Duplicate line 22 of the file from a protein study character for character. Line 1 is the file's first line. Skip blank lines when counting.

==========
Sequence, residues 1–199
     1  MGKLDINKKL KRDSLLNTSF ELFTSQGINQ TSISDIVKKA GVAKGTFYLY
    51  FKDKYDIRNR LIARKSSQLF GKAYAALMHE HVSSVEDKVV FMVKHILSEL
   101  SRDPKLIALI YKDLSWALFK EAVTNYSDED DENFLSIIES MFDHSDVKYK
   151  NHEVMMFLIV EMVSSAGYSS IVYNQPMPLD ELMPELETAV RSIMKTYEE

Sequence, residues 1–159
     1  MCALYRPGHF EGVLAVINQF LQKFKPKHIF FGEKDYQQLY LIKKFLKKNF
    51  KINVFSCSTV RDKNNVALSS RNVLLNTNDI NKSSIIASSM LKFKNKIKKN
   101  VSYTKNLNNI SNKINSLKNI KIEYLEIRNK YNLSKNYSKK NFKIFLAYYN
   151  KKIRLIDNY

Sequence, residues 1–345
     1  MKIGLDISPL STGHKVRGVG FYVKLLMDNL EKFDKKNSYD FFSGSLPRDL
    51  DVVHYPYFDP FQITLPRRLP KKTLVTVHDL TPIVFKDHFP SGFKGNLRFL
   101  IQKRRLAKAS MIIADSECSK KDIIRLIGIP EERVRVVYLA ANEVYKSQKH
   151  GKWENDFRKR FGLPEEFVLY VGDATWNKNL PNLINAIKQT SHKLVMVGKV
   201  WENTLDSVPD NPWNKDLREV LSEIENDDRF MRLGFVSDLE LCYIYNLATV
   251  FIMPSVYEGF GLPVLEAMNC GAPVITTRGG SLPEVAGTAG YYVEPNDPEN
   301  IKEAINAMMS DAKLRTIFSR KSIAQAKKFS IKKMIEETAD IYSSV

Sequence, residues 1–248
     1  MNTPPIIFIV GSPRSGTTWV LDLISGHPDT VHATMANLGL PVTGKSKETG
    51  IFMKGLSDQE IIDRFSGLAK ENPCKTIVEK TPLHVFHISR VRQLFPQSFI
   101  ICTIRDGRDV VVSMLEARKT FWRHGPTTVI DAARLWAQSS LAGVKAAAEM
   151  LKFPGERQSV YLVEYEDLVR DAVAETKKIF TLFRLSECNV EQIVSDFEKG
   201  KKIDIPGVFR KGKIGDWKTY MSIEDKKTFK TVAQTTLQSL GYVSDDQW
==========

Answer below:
   101  ICTIRDGRDV VVSMLEARKT FWRHGPTTVI DAARLWAQSS LAGVKAAAEM